A Different Kind of Stockholm Syndrome
The Prize is my second favourite Hitchcock film he didn’t direct (my favourite being 1941’s All Through the Night). It’s not instantly engaging from the start as there is a lot of setting up to do but becomes more and more tense as the film progresses. In classic Hitchcock fashion, once the mystery kicks in your left scratching your head wondering if the protagonist just paranoid or is something fishy really going on.
I consider The Prize one of Paul Newman’s best films, giving him the opportunity to show off his not often exposed comedic chops. Newman is one of few select actors in which I can ask the question, “honestly, who doesn’t like Paul Newman?”; does there exist a more likable screen presence? Likewise, Edward G. Robinson’s role is reminiscent of his part in The Whole Town’s Talking, playing a dual role of characters identical in appearance but with polar opposite personalities; while the hotel setting rings a bell of MGM’s own Grand Hotel some 31 years prior. plus when you set your movie in Sweden it seems inevitable that someone will mention Greta Garbo along the way. Hitchcock himself also never fully took advantage of the cold war. Torn Curtain, although I do think is underrated, is imperfect while Topaz is one of his dullest outings. It’s satisfying to see a superb Hitchcockian thriller with a plot about West vs. East.
North By Northwest has the auction scene in which Cary Grant makes a fool of himself to get caught by the police in order to get away from the bad guys; The Prize has the same scene but ups the ante with having it taking place during a nudist meeting and of course naturally of all the countries in the world to a nudist meeting, where else but Sweden. The Prize is not quite Hitchcock’s greatest hits but it’s the closet a film comes to being so. There are other allusions to other Hitchcock films including The Lady Vanishes, Foreign Correspondent, Saboteur, and Torn Curtain. Hang on, that one didn’t come until three years after this movie. Huh, was Hitchcock inspired by this Hitchcock clone/rip-off/ homage/whatever you want to call it. As far as imitations of someone else’s work goes it doesn’t get pulled off any better than this.
Bogart’s Swansong Packs a Punch
Watching Humphrey Bogart’s final film is interesting on a number of levels. From the Saul Bass-inspired opening credits to the jazzy music score, it’s unique to see Bogart in a more contemporary 1950’s film. I imagine if he lived longer and stared in movies for at least a few more years they would have been in a similar vein aesthetically to The Harder They Fall. In a period in which opening credits were becoming more interdict, the movie uses them to set up the plot; as soon as they’re over we are right into the heart of the story.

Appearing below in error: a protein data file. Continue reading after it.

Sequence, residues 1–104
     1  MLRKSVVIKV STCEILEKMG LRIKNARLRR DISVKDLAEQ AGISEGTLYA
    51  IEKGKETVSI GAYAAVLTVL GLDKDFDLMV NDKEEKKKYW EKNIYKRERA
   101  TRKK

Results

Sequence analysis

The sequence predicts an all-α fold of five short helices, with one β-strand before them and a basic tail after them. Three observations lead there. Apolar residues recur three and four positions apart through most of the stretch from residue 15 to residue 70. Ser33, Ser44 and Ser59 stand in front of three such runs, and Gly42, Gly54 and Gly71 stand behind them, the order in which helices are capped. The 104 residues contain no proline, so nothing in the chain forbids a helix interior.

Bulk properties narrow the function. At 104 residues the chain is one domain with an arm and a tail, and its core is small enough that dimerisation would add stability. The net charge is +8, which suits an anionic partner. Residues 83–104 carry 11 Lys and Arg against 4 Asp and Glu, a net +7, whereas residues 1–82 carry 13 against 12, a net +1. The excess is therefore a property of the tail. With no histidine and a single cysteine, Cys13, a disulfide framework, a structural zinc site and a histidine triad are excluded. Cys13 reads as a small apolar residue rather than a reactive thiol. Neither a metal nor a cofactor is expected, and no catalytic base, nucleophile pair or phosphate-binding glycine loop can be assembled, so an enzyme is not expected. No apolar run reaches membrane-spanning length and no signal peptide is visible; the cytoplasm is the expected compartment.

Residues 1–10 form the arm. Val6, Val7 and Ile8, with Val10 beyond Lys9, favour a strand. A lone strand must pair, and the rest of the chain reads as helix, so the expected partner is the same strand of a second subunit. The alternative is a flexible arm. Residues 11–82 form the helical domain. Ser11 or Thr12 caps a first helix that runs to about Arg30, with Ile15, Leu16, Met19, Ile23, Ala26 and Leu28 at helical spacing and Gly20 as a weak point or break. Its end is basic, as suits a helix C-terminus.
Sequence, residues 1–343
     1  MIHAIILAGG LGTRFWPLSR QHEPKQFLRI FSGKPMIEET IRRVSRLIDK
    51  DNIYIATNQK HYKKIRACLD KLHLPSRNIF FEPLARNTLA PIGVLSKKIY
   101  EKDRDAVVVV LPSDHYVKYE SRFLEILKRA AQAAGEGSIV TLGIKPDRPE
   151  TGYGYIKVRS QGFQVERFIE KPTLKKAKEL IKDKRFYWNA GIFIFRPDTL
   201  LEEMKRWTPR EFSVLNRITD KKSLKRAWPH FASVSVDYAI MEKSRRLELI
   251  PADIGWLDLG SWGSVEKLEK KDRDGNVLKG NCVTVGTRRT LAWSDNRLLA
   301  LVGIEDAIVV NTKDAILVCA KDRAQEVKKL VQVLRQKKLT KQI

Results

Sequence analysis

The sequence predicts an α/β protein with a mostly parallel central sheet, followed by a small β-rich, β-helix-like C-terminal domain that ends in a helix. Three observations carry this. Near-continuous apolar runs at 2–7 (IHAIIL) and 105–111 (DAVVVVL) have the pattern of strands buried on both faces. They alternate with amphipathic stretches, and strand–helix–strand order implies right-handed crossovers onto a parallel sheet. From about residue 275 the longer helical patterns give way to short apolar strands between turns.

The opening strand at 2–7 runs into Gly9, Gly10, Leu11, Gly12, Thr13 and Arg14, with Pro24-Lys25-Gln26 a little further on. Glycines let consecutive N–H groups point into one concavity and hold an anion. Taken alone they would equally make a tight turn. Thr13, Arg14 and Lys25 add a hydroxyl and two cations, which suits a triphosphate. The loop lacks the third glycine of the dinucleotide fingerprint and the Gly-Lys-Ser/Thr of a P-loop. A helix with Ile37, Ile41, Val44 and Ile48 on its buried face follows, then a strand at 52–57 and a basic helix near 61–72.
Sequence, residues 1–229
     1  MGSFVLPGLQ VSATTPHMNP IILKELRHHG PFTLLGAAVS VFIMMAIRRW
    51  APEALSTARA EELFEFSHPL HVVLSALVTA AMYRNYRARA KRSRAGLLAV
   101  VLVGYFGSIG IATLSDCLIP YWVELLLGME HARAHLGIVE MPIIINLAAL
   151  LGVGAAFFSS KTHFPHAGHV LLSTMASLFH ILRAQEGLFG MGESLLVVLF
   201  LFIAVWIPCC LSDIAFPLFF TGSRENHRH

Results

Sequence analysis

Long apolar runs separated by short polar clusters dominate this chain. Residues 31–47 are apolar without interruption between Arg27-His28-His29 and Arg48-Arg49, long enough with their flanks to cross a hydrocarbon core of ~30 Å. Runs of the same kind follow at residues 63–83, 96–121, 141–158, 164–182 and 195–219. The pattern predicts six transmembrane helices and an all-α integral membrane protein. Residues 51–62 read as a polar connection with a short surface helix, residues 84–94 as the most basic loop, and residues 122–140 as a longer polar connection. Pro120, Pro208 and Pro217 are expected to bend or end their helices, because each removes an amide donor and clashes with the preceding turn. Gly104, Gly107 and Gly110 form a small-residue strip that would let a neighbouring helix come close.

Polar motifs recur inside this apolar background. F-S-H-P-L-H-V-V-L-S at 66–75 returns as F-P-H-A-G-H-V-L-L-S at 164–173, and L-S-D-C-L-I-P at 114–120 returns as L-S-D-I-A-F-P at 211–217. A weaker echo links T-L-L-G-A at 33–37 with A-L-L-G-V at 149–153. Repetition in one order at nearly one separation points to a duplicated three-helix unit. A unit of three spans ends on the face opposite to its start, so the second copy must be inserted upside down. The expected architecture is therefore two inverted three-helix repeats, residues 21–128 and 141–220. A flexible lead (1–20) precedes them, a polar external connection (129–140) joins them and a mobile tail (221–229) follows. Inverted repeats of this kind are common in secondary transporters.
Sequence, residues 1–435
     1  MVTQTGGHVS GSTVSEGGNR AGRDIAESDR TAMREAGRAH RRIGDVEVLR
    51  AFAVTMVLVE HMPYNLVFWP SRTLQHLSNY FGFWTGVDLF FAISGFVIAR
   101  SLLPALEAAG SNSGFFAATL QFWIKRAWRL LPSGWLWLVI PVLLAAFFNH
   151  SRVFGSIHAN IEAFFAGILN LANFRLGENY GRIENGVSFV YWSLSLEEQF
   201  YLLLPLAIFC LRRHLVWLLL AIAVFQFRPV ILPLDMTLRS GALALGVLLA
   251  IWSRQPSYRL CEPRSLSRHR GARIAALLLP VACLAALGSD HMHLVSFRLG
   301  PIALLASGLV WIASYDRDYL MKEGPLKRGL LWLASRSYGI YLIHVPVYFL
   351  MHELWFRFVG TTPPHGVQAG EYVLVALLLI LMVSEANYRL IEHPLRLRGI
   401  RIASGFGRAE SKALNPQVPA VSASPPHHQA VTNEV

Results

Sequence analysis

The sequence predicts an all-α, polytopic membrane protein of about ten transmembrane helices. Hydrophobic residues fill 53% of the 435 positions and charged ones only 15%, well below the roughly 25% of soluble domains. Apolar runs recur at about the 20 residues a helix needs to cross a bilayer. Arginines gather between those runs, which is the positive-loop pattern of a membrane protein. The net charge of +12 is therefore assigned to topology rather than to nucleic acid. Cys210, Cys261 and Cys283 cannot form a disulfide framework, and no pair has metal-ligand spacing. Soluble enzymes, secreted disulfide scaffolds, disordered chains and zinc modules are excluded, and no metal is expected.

The film features a generational clash between Bogart and Rod Steiger; Bogart being of the old theatrical style of acting while Steiger being of the modern method style of acting. However, I’ve always found Bogart to be an adaptable actor and he seamlessly blends into these unfamiliar surroundings. Bogart’s role as Eddie Willis is one of the most interesting heroic performances of his career, a character dealing with his moral and ethical conscience throughout the film. He may take part in the corruption game but he never fully believes in what is doing and tries to make it as unscrupulous as possible. Likewise, Rod Steiger portrays corrupt sports promoter Nick Benko, a villain who believes his actions are justified. A villain who isn’t evil for the sake of it but throughout the film I get the sense he actually believes in what he’s doing. Steiger hams it up from time to time but in a good way.
The Harder They Fall deals with corruption in boxing and how promoters exploit athletes regardless of their health or well being while also celebrating the power of writing as a force to fight wrong and enforce positive social change, proving once again the pen is mightier than the sword, or should I say boxing glove. I’d be hard pressed to find a film which presents a more in-depth look at corruption in boxing. It’s an informative experience into who pulls the strings and how. The fight scene themselves look like the real deal, no speed up footage or obviously faked punches. Likewise, the grime and sweatiness of boxing arenas and training gyms never fail as effective subjects to capture on film, especially in black and white. Also, what’s the deal with that bus with the cardboard cutouts attached to it? It’s almost like a character in itself.
I had a sense of melancholy during the movie’s closing shots knowing this was the last time Bogart appeared on screen. Bogart was in poor health during the film’s production, suffering from lung cancer (although ironically it doesn’t stop him from lighting up during the movie), but thankfully doesn’t affect his ability to deliver a great performance. The Harder They Fall proves to be a worthy conclusion to, in my opinion, one of the most impressive careers every held by any actor in the history of cinema.